Trev Posted on February 10, 2022 at 07:30:13
Good read, related to a lot of the points raised, very insightful and helpful. Cheers
stewart Posted on January 26, 2022 at 19:05:16
I'm printing this as a PDF and keeping it. I haven't made the leap top Thailand yet. I am looking at places like Costa Rica, Honduras, etc. But, I think this essay is applicable no matter where you decide to stay.
Claudio Posted on April 21, 2021 at 12:53:30
Realistically written!
Martin Tschumi Posted on January 06, 2021 at 06:02:41
This is the second time - within a year - that I have read and reflected upon this excellent easy-to-read analysis. Based on a combination of "out in in the field" experience/example and psychological insight. I am probably in phase 8; I'll comment again in a year or so....
Bu Jame Posted on December 21, 2018 at 14:45:22
Great analysis, Mark. I opted out of living in Thailand right away, though I had Thai friends in NYC for ten years. Instead I moved to Cambodia over three years ago. I had to come and go a bit until recently, when I finally transferred everything from the US to here. I do business and have property in the form of long term leases, and arrangements through my K’mai family. Your stages, of course, apply pretty nicely to here, too. And as I’ve met plenty of expat casualties in Kh. and around SEA, it’s quite compassionate on your part to have come up with a corresponding SARAH. So you’ve inspired me to formulate the phases not of the ‘baarang’ who come and try to live here. But one useful to the Cambodian women who ‘marry’ and then try to live with them in their native culture. Grafting your phases is the place to start, I figure. But now I’m thinking the hardest part will be to come up with a convincing translation. Right? Ha.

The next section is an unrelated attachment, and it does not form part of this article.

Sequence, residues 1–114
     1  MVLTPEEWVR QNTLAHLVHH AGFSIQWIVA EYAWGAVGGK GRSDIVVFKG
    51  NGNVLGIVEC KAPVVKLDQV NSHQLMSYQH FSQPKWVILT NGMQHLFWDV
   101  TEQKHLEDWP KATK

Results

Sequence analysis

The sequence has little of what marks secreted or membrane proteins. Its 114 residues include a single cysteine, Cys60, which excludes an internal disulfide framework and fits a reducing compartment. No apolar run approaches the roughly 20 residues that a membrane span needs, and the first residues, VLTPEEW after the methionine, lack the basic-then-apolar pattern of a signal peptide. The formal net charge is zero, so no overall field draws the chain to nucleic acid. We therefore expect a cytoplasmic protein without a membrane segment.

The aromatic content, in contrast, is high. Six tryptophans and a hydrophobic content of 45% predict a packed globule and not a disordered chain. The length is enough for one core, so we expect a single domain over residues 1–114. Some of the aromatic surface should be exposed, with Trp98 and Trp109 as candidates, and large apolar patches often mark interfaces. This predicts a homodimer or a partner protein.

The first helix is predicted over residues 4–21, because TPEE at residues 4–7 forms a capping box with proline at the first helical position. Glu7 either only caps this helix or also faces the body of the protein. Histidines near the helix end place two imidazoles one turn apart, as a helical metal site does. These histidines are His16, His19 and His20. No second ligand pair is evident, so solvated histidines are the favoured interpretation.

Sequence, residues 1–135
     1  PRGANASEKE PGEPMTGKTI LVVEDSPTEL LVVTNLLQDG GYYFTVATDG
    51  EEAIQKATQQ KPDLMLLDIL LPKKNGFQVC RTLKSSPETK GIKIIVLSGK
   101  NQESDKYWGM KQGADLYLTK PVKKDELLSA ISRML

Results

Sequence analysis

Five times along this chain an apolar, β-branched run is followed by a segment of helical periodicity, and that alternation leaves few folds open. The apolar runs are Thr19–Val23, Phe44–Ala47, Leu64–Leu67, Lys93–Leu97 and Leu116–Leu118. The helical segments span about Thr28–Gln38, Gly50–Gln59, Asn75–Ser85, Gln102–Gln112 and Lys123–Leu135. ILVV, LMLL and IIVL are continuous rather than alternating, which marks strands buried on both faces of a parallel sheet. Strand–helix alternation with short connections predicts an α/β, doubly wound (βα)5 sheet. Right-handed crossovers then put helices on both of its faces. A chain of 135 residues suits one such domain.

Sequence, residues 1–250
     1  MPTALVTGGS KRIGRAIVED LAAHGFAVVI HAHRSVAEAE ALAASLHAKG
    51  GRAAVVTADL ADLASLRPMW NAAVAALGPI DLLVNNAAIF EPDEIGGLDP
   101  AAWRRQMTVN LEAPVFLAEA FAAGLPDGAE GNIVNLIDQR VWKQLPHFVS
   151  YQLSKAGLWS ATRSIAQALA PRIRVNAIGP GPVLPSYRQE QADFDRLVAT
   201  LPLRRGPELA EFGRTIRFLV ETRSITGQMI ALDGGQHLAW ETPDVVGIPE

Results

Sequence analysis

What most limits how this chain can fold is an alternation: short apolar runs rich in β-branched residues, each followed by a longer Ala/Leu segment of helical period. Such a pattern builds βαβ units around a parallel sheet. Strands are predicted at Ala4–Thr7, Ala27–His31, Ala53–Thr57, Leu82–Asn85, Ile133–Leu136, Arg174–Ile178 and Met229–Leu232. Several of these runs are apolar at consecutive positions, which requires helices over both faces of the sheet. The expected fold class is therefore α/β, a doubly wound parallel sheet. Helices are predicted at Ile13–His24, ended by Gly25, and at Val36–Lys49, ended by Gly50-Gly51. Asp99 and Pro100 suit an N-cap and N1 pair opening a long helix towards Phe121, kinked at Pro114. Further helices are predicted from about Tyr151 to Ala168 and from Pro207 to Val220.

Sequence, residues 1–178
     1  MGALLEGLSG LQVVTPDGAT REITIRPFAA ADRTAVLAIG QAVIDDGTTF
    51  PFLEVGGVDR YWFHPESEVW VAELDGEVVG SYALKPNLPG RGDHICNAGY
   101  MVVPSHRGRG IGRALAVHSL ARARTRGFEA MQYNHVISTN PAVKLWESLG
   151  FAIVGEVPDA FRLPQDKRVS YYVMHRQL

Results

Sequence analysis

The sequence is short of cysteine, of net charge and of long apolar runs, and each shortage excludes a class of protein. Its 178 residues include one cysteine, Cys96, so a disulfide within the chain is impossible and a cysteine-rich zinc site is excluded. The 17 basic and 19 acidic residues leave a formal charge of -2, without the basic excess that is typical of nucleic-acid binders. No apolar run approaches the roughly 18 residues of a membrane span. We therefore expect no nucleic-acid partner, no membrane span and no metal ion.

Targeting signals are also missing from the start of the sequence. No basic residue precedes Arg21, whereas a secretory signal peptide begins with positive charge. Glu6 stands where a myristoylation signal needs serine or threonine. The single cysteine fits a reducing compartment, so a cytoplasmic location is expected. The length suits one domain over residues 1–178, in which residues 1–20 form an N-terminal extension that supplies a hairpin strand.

Mark Davis Posted on February 22, 2017 at 04:37:00
"No matter where you go, there you are"
No place on this planet is a paradise, we make it up as we go along... I've been in Thailand a number of years and yes, I've been through your 9 phases for expats and I am still here and not planning on going anywhere... I've punched in / out of 50+ countries and lived in many of those places, so my perspective is not from an uneducated or inexperienced point of view... At the end of the day, you have to be able to look in the mirror and be happy with what you see and no, a place is not going to change that... I can honestly say that my life is much better in Thailand than anywhere else I have been, so here I stay... chok dee na khrap...